How to Make Bath Time Easier For Your Dog

Dog having bath Dogs
dog having bath
.

How To Make Bath Time Easier

Giving your dog a bath helps maintain their skin’s health. Doing it in excess will damage and irritate their skin and hair follicles, and expose your dog to the possibility of getting bacterial or fungal infections.

These tips will make the process of giving your dog a bath easier than ever.
When a dog enters a new home, he is introduced to lots of new sights, sounds, and smells. And the more he experiences early on, the more he becomes desensitized to those things. That means he won’t put up a fuss whenever he’s confronted with those things later on.

You can use a large plastic cup to repeatedly fill and pour water over your dog’s body to rinse out the soap, but that takes a ton more effort than using a handheld sprayer.
If your dog likes to play in water, then getting him to enter the bathtub won’t be a big deal. But if your dog isn’t sure what to think about the water and the confined space, then try this: A day or two before giving your dog a bath, encourage him to enter and exit the tub a few times. You may need to lead by example — either use a leash to “walk” him through the process of getting in and out of the tub; or just get in the tub first then excitedly call your dog to come in too (with no water of course). Every single time your dog gets in or out of the tub with you or on command, give him plenty of praise and dog treats.
Between six and twelve months old, most puppies will have grown their adult fur. One of the traits of adult fur in many dogs, is that it is fairly waterproof.

This waterproofing is made by oils from the skin. Plus, it helps keep your dog warm and comfortable when he swims or goes out in the rain. This is also what makes the smears you’ll see on a white wall if your dog regularly sleeps up against it!
Many dog owners get nervous when thinking about bathing their dog at home.
If your dog hates the thought of a bath it can also become a stressful activity for you, so here are some tips on how to achieve a harmonious bath time for both of you.

What If Your Dog Hates The Bath

If your dog hates the bath, it might be because of the sensory experience. For most dogs, one of the worst things about bathing in a tub, shower stall, or sink is feeling unsteady on the slippery, wet floor. It’s the same for humans. If you’ve ever slipped in the shower, you know that sliding around can not only be painful but anxiety-inducing.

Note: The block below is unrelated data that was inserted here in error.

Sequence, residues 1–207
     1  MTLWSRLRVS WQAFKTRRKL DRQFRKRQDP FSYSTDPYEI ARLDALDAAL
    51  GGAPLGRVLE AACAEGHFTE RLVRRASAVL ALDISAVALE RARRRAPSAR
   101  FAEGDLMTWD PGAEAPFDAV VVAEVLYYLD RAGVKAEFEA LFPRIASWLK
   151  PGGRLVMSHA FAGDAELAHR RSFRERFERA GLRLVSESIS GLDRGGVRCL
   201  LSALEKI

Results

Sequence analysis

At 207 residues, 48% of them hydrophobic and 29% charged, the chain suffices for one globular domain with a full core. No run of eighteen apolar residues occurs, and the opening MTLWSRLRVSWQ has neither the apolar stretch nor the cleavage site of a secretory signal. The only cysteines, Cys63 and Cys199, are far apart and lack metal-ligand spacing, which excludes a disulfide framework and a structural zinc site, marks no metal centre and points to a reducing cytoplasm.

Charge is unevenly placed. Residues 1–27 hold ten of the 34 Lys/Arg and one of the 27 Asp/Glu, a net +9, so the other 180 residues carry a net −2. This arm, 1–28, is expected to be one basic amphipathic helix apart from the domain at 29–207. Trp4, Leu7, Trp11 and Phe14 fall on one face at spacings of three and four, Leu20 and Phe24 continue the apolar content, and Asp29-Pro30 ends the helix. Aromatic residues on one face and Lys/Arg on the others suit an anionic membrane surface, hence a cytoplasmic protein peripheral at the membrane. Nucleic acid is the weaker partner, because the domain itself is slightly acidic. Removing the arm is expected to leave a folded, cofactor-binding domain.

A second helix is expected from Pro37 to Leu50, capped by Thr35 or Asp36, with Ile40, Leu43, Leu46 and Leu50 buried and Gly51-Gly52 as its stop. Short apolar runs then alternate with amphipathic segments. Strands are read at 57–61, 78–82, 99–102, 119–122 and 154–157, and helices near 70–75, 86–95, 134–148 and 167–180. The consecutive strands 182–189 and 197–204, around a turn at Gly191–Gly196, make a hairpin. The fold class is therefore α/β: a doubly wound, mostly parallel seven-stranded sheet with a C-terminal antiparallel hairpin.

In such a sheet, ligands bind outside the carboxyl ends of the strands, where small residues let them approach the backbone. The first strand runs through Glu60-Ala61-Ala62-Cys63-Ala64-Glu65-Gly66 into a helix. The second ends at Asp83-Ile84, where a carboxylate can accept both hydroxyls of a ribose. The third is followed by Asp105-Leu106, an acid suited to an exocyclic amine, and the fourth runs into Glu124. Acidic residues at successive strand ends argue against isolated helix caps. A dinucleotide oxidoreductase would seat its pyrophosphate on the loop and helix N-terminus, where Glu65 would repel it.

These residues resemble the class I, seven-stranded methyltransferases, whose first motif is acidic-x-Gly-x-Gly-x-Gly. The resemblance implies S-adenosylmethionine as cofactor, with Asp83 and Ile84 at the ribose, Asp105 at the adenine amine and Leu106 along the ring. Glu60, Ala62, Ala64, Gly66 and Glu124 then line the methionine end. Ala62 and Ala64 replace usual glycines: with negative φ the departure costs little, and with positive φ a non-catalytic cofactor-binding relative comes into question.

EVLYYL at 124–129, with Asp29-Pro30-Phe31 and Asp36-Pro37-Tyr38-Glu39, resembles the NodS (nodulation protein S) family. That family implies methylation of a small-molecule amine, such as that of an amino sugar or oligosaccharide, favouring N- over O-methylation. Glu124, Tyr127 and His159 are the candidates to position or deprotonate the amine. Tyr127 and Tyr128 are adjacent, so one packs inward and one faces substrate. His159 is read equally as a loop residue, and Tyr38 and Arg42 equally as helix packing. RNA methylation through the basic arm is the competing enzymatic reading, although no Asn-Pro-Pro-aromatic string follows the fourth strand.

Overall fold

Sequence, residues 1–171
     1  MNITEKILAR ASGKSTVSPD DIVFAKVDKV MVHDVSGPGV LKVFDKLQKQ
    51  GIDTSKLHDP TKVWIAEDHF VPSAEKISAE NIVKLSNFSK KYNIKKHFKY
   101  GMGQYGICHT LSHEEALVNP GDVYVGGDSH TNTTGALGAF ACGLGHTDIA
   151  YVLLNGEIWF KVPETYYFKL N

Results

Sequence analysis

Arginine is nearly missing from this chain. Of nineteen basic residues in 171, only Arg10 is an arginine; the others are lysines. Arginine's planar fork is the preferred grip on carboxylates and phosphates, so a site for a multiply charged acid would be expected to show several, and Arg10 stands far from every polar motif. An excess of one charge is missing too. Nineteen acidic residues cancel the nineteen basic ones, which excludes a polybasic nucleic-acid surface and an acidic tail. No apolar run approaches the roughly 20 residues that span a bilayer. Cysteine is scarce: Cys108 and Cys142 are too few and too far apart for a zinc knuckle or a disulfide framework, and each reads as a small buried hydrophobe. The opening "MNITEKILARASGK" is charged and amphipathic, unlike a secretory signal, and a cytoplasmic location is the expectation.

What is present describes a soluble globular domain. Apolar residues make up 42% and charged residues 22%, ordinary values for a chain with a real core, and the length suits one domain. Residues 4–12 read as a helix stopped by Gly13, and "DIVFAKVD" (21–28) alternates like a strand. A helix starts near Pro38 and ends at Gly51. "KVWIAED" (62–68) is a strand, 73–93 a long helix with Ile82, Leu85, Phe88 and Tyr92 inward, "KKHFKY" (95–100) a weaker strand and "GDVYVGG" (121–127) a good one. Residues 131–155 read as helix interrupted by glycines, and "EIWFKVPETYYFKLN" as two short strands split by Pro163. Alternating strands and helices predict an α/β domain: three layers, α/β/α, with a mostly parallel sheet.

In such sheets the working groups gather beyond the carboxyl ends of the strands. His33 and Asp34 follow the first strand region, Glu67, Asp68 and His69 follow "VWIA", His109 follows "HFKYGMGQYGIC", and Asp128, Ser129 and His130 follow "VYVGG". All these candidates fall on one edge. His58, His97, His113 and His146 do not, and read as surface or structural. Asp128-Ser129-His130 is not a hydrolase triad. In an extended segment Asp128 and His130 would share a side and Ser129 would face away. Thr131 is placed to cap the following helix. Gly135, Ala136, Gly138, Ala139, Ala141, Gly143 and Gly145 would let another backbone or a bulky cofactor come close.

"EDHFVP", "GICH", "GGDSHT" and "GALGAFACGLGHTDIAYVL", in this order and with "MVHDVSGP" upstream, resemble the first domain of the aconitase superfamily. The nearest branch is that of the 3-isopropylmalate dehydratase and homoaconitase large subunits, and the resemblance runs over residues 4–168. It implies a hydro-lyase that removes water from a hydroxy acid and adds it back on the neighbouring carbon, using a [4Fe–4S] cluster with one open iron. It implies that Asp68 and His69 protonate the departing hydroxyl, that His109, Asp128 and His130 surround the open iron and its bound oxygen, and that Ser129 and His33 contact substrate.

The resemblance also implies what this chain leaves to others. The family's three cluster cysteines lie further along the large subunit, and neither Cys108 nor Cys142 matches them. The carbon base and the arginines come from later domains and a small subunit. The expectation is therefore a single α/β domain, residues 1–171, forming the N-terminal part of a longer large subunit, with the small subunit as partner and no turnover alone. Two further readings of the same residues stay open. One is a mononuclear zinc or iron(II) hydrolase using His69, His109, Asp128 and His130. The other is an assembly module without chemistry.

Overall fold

There are two reasons that outdoor baths could be freaking your dog out. First off, that hose water? This is especially uncomfortable on a cold day, but even in the summertime, it can be too cold for your dog.
Giving your dog a bath is not always a howl of a good time – for you or your fur child. From the pre-bath trembles to the dreaded wet-dawg shakes, bathtime can be a messy, hairy hassle.
Bathing brush helps promote shiny coats. Use monthly when bathing your pet on wet hair.
If your dog hates the bath, it might be because of the sensory experience. For most dogs, one of the worst things about bathing in a tub, shower stall, or sink is feeling unsteady on the slippery, wet floor. It’s the same for humans. If you’ve ever slipped in the shower, you know that sliding around can not only be painful but anxiety-inducing.

What Do you Need To Know Before the Bath

Before starting your bath, put a mat or even a towel down on the floor of the bathtub to prevent your pup from falling. Sure, the towel will get soaked, but your pup will feel much more secure.
Before the bath, play the “Jump in the Tub” game. Toss treats into the tub, and when your dog jumps in to retrieve it, praise them. After a good belly rub, lead them out of the tub and throw another treat in for them to retrieve. This teaches your dog to associate positivity with being in the tub.
Keeping shampoo and conditioner away from your dog’s face will help keep their eyes from getting irritated. It’s very super to make sure the insides of your furbaby’s ears are kept dry as this will help prevent future ear infections.
Dog’s skin needs the natural oils it produces to promote healthy fur growth. Frequent bathing can strip the skin of these oils, causing dryness and irritation.
Dogs with long hair tend to get more dirt and debris trapped within it than their short-haired counterparts.
If you happen to get some water inside the ears, be sure to dry your dog’s ears gently using a microfiber towel, a washcloth, or a small hand towel.
Do not bath your dog too often because that will dry out the skin, deplete healthy oils from the coat and skin, and lead to scratching and irritation. Frequency is largely dependent on the breed and activities of the dog. Dogs who spend a lot of time outside or engage in outdoor activities that expose them to dirt, bug or debris typically require more bathing, perhaps every 6 weeks or more frequently. Some groomers recommend bathing double-coated breeds only about 3 times a year and suggest that smooth-coated dogs can go a lot longer between baths than can curly-coated breeds such as poodles. Too frequent bathing can cause the coat to soften and reduce its insulating qualities.

Follow our advices, and you and your dog will be clean and happy.

Rate article
Add a comment

  1. Donald Cole

    Good day

    I`m seeking a reputable company/individual to partner with in a
    manner that would benefit both parties. The project is worth
    $24 Million so If interested, kindly contact me through this
    email coledd11@clocdcolela.com for clarification.

    I await your response.

    Thanks,

    Donald Cole

    Reply
  2. Donald Cole

    Good day

    I contacted you some days back seeking your cooperation in a matter regarding funds worth $24 Million, I urge you to get back to me through this email coledd11@cloedcolela.com if you’re still interested.

    I await your response.

    Thanks,

    Donald Cole

    Reply